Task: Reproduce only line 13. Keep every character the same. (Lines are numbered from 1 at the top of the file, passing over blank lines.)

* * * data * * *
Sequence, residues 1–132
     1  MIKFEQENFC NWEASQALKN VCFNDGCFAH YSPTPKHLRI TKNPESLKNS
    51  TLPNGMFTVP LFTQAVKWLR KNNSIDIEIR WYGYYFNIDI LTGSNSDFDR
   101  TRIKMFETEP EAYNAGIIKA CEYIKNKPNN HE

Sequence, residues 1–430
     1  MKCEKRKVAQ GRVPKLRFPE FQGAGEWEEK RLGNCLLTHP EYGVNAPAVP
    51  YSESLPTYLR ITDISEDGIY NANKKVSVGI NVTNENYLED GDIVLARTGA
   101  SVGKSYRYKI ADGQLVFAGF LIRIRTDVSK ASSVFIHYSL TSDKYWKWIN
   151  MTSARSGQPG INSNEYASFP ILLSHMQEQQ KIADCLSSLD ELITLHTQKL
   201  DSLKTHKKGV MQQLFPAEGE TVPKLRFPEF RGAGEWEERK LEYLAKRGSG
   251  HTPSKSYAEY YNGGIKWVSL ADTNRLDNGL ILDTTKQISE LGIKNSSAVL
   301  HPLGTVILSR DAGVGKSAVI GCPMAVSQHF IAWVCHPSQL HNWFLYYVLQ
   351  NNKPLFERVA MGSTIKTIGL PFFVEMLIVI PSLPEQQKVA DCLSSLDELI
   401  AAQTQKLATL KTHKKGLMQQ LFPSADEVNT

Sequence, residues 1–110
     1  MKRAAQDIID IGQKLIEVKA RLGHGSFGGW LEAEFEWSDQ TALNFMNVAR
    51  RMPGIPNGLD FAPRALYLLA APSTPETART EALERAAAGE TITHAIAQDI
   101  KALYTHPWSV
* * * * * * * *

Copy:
   351  NNKPLFERVA MGSTIKTIGL PFFVEMLIVI PSLPEQQKVA DCLSSLDELI